Don't Tell: The Sexual Abuse of Boys

by Michel Dorais, translated by Isabel Denholm Meyer
McGill-Queen's University Press, 210 pp., $65.00; $19.95 (paper)

The Unhealed Wound: The Church and Human Sexuality

by Eugene Kennedy
St. Martin's Griffin, 214 pp., $12.95 (paper)

History has a way of proving over and over the truth of the grim line in Lucretius (1.101):

Tantum religio potuit suadere malorum. (“How suasive is religion to our bane.”)

We are regularly told, with regard to the scandal of child abuse by priests, that pedophilia affects a minority of men in all walks of life, that the occurrence among priests is extraordinary neither in kind nor in frequency. But the intrusion of religion into the picture does affect its character and probably its rate. For one thing, pedophilia outside the priesthood leads to abuse of little girls as much as or more than of little boys. There have been few reported cases of girls as the object of priestly molestation, even though—as Michel Dorais points out in Don’t Tell—boys find it harder to report their abuse, since it involves cultural biases against homosexuality, beyond just the experience of coercion. Where (as in Australia) the Catholic religious orders ran separate orphanages for boys and girls, frequent molestation was reported only in the former institutions.

Priestly pedophilia is also set apart from other varieties by the fact that the seduction technique employs religion. Almost always some form of prayer has been used as foreplay. The very places where the molestation occurs are redolent of religion—the sacristy, the confessional, the rectory, Catholic schools and clubs with sacred pictures on the walls. One of the victims of Father Paul Shanley, of the Boston archdiocese, says that his ordeal began in the confessional, when he confessed the “sin” of masturbation. The priest told him that masturbation could be a “lesser evil” and that he would help him work out his problem. He did this by taking him to a cabin he kept in the woods, where the priest taught the boy how they could masturbate each other.1 This pattern occurs over and over—a conjunction of the overstrict sexual instruction of the Church (e.g., on the mortal sinfulness of masturbation, even one occurrence of which can, if not confessed, send one to hell) and a guide who can free one of inexplicably dark teaching by inexplicably sacred exceptions. The victim is disarmed by sophistication and the predator has a special arsenal of stun devices. He uses religion to sanction what he is up to, even calling sex part of his priestly ministry. One victim of Father Shanley says that he represented his sexual predation as an act of “healing.” According to a gay weekly, Shanley had made the same claim in a public speech.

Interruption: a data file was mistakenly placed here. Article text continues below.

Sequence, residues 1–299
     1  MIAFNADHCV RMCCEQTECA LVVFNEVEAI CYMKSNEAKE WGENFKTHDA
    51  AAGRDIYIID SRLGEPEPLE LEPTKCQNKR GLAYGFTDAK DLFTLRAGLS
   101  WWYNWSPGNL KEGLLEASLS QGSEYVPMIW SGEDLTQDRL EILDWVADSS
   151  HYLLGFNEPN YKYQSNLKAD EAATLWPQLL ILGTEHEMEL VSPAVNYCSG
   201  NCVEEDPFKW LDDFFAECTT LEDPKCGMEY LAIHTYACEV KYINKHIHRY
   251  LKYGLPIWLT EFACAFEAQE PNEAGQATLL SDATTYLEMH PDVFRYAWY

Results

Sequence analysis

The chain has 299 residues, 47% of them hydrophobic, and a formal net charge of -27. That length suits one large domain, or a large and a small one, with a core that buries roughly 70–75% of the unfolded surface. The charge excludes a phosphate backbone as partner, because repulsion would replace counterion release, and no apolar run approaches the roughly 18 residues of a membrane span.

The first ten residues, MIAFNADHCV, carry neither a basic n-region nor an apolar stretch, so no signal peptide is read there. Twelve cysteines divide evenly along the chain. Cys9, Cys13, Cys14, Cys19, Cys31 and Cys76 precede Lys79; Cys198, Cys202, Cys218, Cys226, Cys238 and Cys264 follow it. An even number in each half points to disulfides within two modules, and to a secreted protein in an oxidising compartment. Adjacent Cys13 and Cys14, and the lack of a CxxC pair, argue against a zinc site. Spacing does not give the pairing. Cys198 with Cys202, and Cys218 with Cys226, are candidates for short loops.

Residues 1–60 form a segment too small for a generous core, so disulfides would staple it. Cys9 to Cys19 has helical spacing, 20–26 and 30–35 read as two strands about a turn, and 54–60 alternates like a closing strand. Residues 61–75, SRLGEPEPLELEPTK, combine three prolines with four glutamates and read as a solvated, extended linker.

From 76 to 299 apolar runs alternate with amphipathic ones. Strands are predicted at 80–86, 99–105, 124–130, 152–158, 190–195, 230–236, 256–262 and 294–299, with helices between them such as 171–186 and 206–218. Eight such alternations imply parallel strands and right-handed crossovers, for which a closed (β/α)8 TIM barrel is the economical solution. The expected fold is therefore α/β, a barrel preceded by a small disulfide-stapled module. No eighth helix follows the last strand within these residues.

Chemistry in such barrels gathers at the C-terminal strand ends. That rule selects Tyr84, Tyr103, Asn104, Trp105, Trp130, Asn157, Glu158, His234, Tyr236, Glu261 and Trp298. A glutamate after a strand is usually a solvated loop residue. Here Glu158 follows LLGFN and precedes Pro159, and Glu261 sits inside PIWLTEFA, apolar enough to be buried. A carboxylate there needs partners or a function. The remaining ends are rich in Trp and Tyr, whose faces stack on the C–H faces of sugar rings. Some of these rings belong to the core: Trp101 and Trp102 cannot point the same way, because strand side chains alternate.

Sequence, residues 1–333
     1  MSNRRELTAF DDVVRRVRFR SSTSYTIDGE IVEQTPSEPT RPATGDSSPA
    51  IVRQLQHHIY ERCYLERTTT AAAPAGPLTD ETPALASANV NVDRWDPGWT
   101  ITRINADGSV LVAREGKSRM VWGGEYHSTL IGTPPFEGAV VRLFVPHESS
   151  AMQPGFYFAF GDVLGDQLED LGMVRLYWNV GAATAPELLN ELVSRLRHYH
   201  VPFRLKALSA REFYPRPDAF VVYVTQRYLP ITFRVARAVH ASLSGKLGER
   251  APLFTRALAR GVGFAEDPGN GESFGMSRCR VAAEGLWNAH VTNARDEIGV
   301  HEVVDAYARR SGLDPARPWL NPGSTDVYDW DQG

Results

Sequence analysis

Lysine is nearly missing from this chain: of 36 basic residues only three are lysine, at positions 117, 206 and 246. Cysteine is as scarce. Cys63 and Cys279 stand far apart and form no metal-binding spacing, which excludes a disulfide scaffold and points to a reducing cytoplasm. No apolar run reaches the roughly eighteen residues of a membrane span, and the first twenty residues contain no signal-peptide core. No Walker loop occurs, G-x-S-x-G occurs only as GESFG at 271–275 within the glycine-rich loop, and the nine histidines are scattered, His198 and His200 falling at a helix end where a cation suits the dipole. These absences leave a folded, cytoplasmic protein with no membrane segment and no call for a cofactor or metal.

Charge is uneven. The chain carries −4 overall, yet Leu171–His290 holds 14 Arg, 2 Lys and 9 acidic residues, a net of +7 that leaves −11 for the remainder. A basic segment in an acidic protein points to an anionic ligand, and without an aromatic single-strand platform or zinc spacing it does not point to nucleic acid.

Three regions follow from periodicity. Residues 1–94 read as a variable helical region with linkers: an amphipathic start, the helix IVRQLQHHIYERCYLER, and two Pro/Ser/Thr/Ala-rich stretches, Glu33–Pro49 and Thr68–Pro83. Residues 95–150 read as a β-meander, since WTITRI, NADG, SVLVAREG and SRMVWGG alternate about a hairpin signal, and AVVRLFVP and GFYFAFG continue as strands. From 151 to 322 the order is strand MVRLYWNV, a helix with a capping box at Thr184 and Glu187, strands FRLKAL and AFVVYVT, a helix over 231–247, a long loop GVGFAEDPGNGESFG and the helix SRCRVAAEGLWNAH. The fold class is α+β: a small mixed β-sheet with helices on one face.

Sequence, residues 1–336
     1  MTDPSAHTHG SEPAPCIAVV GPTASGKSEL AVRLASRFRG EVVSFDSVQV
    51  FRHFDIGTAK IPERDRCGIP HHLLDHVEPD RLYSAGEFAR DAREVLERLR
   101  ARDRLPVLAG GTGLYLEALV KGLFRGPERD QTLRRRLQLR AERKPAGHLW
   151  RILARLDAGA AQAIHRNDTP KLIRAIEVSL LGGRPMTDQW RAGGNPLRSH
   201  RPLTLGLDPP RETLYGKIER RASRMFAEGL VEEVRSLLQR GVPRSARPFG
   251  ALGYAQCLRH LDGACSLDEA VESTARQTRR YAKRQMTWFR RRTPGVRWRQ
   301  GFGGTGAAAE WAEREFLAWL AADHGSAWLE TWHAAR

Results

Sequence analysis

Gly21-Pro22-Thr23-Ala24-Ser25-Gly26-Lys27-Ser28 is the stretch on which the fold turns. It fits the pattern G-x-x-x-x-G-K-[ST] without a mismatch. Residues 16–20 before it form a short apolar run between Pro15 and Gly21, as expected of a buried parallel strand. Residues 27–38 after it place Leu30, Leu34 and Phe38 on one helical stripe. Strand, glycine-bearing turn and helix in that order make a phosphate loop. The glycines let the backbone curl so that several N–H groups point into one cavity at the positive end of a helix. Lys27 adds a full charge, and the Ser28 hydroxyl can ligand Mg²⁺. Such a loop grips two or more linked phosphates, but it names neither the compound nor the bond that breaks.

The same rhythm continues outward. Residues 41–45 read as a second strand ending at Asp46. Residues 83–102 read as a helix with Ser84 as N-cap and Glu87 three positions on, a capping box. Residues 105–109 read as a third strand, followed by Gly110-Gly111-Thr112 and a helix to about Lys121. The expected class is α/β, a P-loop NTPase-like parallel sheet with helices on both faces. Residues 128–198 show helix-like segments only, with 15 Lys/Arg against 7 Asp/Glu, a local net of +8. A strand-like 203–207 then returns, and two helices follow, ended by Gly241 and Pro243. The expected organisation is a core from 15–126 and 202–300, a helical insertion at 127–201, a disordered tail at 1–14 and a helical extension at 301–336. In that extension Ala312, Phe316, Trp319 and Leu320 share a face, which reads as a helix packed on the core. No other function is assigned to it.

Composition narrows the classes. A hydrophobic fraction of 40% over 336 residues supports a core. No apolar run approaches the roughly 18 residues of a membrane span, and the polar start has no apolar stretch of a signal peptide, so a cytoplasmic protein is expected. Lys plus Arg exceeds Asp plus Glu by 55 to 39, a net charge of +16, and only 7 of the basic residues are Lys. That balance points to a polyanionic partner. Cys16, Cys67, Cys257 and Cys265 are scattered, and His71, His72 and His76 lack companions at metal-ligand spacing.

In the archdiocese of Milwaukee, a thirteen-year-old was putting on his cassock in the sacristy before serving as an altar boy at a funeral Mass. The priest who was about to say the Mass, Richard Nichols, came over to him before going out to the altar and fussed with the cassock, saying he was making him look better. After the Mass, the priest came up behind him, plunged his hands (which had just consecrated the eucharistic host) down…

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